“Ask yourself whether you are happy, and you cease to be so,” was 19th century philosopher John Stuart Mill’s view on why happiness is so elusive. True happiness exists, he said, only as a by-product of doing something else, something meaningful. Without purpose and action, Mill believed, happiness is fleeting; an oasis which vanishes before our very eyes as soon as we stop feeding it. The pursuit of happiness, he believed, was a futile endeavour.
Today, the search for happiness is a serious business. Americans alone spend $34bn a year on therapies and alternative treatments. Given the health benefits that happiness brings and the known disbenefits of unhappiness, the distribution of the ‘good life’ is an important social issue.
And though this has been heightened by the economic downturn, psychologists and public health experts started talking about the ‘epidemic of depression’ facing us long before the recession kicked in, suggesting that happiness is not necessarily tied to prosperity.
But while countless philosophers, psychologists and sociologists have often addressed happiness over the centuries, it’s now politicians, corporate leaders and an assortment of campaigners and lobby groups that are voicing concern that, here in the ‘developed world’ at least, we have fallen into a malaise.
The economics of happiness
Surprisingly, given its climate and apparently relaxed barbecue culture, Australia is a centre of much thought on the subject. On March 23, the New South Wales seaside town of Byron Bay was the venue for the Economics of Happiness Conference 2013, hosted by the International Society for Ecology & Culture. Certainly, its organisers believe that any happiness deficit we might feel is due to the fact that the economy’s needs are driving us, when it should be our needs that drive the economy.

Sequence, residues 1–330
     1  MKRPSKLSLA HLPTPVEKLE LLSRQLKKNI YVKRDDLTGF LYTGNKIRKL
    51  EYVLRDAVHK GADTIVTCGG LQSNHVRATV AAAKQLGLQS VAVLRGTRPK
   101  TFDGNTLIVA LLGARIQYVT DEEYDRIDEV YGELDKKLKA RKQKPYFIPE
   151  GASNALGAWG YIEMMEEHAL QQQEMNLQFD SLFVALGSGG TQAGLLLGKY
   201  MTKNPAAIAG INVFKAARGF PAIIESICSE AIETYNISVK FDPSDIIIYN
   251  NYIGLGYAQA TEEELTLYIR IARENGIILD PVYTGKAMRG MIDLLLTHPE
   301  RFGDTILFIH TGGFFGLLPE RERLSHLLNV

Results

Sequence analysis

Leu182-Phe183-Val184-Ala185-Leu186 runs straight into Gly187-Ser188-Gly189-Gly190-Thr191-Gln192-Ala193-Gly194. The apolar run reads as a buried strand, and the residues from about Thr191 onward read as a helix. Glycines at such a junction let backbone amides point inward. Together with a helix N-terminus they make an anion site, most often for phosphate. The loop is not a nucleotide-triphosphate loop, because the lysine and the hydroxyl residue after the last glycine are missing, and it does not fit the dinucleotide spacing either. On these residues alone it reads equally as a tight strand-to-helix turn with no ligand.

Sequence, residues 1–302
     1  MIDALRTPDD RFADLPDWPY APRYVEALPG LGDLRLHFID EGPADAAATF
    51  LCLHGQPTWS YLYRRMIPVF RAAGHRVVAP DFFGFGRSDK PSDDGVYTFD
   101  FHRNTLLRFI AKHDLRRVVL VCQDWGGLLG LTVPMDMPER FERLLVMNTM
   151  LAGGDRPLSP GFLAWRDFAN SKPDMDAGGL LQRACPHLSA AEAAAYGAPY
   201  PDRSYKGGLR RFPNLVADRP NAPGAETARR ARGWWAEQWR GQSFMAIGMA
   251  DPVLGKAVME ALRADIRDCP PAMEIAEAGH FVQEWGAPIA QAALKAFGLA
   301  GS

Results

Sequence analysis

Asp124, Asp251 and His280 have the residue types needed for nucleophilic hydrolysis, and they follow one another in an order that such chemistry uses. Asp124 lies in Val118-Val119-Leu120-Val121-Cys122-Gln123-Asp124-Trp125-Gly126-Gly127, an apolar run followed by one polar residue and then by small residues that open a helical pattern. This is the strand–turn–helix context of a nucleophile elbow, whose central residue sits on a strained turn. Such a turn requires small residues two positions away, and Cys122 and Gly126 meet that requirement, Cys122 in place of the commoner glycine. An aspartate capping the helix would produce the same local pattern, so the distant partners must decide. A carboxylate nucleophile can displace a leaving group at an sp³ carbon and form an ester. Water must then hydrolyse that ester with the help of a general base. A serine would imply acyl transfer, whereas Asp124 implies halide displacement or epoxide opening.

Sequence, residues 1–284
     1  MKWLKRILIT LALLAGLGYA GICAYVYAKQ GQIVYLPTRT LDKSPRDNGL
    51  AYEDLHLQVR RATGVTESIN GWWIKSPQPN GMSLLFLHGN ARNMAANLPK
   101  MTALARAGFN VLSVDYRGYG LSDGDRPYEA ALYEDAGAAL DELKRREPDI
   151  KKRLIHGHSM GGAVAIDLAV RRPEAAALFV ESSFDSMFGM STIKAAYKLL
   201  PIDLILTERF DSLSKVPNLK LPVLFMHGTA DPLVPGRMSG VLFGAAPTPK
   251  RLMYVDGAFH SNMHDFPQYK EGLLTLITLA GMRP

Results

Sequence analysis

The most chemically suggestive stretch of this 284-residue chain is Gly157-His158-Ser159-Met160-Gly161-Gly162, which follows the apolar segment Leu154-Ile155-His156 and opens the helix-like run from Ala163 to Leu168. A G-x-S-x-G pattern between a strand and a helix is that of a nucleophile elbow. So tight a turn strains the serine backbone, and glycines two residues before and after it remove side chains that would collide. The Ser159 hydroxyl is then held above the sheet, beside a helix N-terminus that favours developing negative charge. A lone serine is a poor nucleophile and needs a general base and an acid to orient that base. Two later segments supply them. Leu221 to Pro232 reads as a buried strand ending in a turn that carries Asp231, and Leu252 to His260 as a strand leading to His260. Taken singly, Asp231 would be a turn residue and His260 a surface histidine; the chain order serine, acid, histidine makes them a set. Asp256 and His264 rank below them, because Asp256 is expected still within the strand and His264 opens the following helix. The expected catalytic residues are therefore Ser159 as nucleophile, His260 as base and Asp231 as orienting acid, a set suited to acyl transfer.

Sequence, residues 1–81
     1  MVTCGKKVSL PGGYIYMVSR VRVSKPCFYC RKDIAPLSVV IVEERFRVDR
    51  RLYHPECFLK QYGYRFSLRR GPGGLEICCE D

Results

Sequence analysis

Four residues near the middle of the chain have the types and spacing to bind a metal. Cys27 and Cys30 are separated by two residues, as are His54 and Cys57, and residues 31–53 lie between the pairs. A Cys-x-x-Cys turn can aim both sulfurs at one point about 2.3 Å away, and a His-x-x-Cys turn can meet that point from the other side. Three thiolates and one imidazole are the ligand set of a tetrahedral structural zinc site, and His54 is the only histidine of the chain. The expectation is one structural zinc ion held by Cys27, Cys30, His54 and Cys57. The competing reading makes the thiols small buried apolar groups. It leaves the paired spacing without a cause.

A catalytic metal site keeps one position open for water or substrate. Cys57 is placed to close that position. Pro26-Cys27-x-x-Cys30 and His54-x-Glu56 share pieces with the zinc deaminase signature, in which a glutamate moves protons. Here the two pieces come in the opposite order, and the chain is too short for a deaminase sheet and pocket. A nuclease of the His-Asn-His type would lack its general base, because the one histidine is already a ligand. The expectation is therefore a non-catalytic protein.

“Around the world, the realisation is dawning that the crises we face are linked to an outdated economic system,” said the conference programme foreword. “From unemployment and poverty to Wall Street corruption, from Fukushima to climate change, from hydro-fracking to the rise of fear and fundamentalism: all these diverse problems share a common root cause. As they intensify, a chorus of citizen voices is rising up in response. People are demanding an end to the exploitation of the many and of nature for the profit of the few.”
The conference looked at the “multiple benefits of localisation – an economic strategy that can take us away from jobless growth towards sustainable livelihoods; from giant, unaccountable corporations towards human-scale business; from self-recrimination towards empowerment; from competition to collaboration; from a globalised system of exploitation and pollution towards an economics of human and ecological well-being, or ‘an economics of happiness’.
“We know what we’re against. It’s now time to decide what we’re for. And how to get from here to there.”
Science of the mind
Well, that’s quite an agenda. Following it up, in June, is the Dalai Lama, who is due to address the eighth annual Happiness & Its Causes event in Melbourne. Here, delegates will focus on developing ‘tools and techniques for a happier life’, as well as exploring the ‘science of the mind’ and the ‘new science of happiness’.
Of course, it’s not just snow-starved Australians that feel a nagging sense that we have lost our real purpose. The tiny state of Bhutan has for many years put gross domestic happiness (GDH) above gross domestic product (GDP) in its list of priorities.
Addressing the UN in 2008, Bhutan prime minister Jigmi Y Thinley warned that rampant consumerism was draining the world of scarce resources that made business as usual unsustainable and would, in turn, lead to rising fuel prices, financial instability and water shortages. And, presumably, considerable levels of unhappiness, too.
A debt on future generations
“It is not difficult to see how all these crises are the outcomes of a way of life that is dictated by the powerful ethics of consumerism in a world of finite resources,” Thinley told the UN. “Our life is all about fear of not having enough, about wanting more and doing better than our dear neighbour and friend.
“We spend and consume beyond our means and those of generations unborn, bringing upon ourselves the kind of crises that were inevitable.” What we are doing, he concluded, amounts to “transferring our debt to future generations who are not here to argue against it”.
In 2011, the UN General Assembly unanimously passed a resolution which recognised the pursuit of happiness as ‘a fundamental human goal’ and called on member states to give greater consideration to the role of happiness and wellbeing in social and economic development. Last year, 600 representatives from around the world gathered in New York for the first ever UN happiness summit to consider how our economies can be structured to maximise wellbeing. Happiness and the economics of finding it is well and truly on the agenda.